The Vincent Wildlife Trust is hoping to boost mid Wales’ struggling pine marten population by bringing a small but significant number of martens from Scotland.
Charismatic, elusive and running out of time; this native Welsh mammal, bele’r coed, has all but disappeared from the Welsh landscape.
Once widespread throughout Britain, the pine marten’s historical decline began with forest clearance, but was exacerbated by the rise in game shooting and associated predator control in the 19th century.
By 1900, the marten was effectively extinct over much of Britain, confined to the more remote upland areas that included Snowdonia and the Cambrian Mountains. Today, the marten is hanging on in the more isolated areas of rural Wales, but it is clear that the numbers are just too low for the population to survive without intervention, so intervention is planned.
The pine marten is chiefly a woodland animal and will avoid open countryside. Its preferred diet is small mammals and fruit, but it is an opportunist and will take whatever is locally abundant.
Pine martens will eat grey squirrels – which could be fantastic news for red squirrels. Red squirrels are agile and too quick for most pine martens who find the larger and much slower grey squirrel a far easier target. There is evidence of declining grey squirrel numbers in areas where the pine marten is recovering and a corresponding increase in numbers of red squirrels.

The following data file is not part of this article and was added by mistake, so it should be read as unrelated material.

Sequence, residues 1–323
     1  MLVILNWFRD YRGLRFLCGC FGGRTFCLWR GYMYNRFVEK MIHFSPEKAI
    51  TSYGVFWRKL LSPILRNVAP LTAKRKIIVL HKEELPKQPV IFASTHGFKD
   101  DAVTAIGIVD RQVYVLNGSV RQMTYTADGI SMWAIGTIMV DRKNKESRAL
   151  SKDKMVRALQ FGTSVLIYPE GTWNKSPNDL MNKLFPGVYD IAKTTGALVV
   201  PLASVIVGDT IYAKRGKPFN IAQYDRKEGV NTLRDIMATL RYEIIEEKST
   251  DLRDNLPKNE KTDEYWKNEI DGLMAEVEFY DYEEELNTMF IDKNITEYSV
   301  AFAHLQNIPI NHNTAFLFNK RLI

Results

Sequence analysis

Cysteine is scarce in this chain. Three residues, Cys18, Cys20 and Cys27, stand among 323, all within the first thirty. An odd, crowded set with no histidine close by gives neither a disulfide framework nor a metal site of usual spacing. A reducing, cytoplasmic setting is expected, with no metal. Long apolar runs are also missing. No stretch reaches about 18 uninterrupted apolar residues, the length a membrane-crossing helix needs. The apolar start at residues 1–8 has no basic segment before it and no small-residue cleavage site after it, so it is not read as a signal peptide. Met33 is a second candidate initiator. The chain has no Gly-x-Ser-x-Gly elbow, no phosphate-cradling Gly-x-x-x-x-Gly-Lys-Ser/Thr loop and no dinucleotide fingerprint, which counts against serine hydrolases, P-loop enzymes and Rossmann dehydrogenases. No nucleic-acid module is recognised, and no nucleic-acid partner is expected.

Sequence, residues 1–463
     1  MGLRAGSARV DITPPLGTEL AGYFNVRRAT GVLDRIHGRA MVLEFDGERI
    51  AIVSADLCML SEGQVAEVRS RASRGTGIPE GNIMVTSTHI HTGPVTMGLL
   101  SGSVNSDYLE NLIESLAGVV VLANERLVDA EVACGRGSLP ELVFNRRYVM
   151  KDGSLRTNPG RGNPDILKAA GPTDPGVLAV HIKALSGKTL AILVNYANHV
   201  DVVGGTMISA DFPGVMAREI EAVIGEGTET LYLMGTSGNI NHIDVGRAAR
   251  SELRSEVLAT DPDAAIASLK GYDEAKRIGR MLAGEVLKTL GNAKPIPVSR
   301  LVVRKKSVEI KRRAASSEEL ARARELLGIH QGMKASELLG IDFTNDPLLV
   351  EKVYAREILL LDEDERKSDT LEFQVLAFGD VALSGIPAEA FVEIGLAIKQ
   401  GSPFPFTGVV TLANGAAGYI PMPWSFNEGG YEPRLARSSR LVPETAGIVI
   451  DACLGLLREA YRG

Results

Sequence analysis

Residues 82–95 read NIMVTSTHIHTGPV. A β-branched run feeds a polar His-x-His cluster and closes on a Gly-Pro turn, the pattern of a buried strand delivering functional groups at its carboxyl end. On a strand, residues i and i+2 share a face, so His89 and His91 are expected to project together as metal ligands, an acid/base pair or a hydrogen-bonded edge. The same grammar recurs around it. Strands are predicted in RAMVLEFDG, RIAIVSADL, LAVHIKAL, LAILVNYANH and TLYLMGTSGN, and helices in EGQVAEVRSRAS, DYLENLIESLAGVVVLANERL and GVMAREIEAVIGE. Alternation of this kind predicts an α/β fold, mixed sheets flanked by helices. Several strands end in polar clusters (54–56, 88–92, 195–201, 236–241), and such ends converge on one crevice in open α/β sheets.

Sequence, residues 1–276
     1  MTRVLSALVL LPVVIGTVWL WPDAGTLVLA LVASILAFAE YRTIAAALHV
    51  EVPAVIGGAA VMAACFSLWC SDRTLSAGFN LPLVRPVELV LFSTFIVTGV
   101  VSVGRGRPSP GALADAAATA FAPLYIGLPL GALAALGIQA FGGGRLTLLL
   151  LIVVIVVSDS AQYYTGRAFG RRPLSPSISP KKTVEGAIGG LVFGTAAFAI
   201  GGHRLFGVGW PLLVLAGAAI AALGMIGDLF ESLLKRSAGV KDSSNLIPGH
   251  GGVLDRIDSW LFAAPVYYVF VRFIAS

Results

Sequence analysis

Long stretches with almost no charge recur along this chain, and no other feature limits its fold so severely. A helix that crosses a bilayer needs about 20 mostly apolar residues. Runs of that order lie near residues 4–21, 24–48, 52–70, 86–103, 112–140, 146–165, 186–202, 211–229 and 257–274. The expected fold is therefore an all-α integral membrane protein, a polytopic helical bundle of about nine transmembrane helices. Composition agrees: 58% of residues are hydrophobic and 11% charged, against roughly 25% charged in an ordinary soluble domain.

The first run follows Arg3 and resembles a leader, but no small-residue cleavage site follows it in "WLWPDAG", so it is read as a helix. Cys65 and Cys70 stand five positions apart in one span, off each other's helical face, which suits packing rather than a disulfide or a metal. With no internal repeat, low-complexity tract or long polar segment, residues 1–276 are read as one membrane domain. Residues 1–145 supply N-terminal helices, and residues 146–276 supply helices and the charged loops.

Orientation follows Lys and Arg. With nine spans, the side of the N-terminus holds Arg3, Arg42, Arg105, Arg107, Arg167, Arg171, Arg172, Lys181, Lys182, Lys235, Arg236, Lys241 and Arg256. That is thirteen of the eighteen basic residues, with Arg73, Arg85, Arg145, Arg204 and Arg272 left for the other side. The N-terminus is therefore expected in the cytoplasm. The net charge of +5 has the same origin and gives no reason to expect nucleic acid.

Now is a critical time for the pine marten in Wales as the species stands on a knife-edge. This project represents a chance to help ensure that this iconic species will once again be a symbol of our Welsh woodlands.
It will take time to re-establish a pine marten population in mid Wales and we risk losing our red squirrels if we stand by and wait for this natural order to be restored.
In the meantime, we need to maintain a sustained programme of grey squirrel control to strengthen the red squirrel population in mid Wales so that, a few years down the line, the reds will have become resilient enough to withstand some predation from pine martens whilst benefitting from a reduction in the grey population